Say “cheese” (© Columbia Computer Vision Laboratory, 2016/Columbia Engineering)
Cameras are great, but they haven’t really changed that much over the last 100 years – you’re still limited shooting whatever is in front of you. But this wobbling piece of silicone is in fact a new kind of camera lens that can be wrapped around things, radically broadening its point of view.
Ok, so this camera technology doesn’t seem to be as pocketable or pretty as smartphones made by Apple or Samsung, but the A4-sized sheet of silicone, which computer scientists from the Columbia University School of Engineering will present at the International Conference on Computational Photography in May, could turn the world of photography upside down (or around).
The silicone is just a flexible layer that is covered with optical lenses, which detect light and combine to show an image of the environment. By attaching them to a silicone sheet the lens array becomes flexible and overcomes a major difficulty; if they don’t change their focal lengths when the sheet is bent, gaps appear between the signal from the lens and the picture is blurred.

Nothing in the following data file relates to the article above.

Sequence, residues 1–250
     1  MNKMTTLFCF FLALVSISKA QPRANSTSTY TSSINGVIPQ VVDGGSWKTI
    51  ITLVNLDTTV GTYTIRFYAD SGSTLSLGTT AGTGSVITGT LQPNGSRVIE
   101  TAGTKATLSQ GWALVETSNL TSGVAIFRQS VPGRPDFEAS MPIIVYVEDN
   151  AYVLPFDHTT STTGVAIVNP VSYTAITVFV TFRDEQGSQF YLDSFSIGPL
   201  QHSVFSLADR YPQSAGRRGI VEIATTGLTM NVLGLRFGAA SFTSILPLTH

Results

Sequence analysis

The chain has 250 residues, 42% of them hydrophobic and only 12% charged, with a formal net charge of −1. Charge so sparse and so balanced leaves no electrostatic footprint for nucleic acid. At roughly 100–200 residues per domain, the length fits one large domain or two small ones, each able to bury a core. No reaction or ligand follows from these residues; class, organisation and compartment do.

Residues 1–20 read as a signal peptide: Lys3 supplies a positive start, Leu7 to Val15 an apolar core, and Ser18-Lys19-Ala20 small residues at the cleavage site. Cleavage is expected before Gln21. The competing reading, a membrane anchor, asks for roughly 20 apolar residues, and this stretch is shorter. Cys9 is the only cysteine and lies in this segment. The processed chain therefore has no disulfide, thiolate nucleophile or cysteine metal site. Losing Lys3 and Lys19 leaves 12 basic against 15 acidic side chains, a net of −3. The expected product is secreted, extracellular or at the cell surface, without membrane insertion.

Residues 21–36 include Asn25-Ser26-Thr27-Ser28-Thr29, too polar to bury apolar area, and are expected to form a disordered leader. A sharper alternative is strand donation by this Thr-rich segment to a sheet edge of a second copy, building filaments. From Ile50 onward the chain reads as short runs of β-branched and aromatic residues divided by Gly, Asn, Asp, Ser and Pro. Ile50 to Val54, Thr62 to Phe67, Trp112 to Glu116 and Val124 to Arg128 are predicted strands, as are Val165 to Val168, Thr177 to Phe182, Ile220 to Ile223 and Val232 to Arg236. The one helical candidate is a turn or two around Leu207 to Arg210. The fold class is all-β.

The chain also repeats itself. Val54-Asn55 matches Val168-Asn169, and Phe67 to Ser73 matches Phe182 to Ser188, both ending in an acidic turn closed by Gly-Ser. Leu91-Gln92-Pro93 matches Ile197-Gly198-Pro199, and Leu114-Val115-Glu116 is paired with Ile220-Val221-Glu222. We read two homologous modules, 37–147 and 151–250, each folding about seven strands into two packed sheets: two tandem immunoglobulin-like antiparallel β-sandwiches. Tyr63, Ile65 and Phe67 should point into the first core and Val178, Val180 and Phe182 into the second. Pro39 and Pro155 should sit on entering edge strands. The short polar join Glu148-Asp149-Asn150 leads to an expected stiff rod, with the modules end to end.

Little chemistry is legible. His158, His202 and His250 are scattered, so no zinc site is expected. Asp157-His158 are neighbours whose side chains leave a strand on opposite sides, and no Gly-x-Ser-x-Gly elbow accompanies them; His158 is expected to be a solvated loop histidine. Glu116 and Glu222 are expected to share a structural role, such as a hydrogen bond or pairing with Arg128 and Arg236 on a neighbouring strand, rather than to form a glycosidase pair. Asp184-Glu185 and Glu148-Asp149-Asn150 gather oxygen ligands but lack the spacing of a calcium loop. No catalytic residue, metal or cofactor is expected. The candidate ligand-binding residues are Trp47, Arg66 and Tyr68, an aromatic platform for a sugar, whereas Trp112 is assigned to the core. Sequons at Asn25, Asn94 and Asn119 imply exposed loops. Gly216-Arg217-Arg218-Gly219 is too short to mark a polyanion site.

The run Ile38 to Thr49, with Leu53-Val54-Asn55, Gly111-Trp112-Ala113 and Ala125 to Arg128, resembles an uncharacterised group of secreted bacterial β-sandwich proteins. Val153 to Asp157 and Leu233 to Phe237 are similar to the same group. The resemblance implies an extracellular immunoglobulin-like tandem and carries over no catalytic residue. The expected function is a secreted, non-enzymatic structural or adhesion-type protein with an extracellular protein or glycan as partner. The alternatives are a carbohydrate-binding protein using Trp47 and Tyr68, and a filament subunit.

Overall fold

The silicone sheet allows specially adapted lenses to change their focal lengths automatically when the sheet is bent, meaning the image is able to stay in focus.
Will I have to carry a sheet of silicone in my pocket?
The team want to make the cameras more attractive and produce them like rolls of plastic or in the shape of credit cards. Then they can be used to wrap around things in everyday life, like lampposts or cars, to get a 360° view of the environment.
"Cameras today capture the world from essentially a single point in space," says project leader Shree K. Nayar. "While the camera industry has made remarkable progress in shrinking the camera to a tiny device with ever increasing imaging quality, we are exploring a radically different approach to imaging. We believe there are numerous applications for cameras that are large in format but very thin and highly flexible."
Cameras in bite-sized pieces like cling film, wouldn’t that be a real revolution in photography?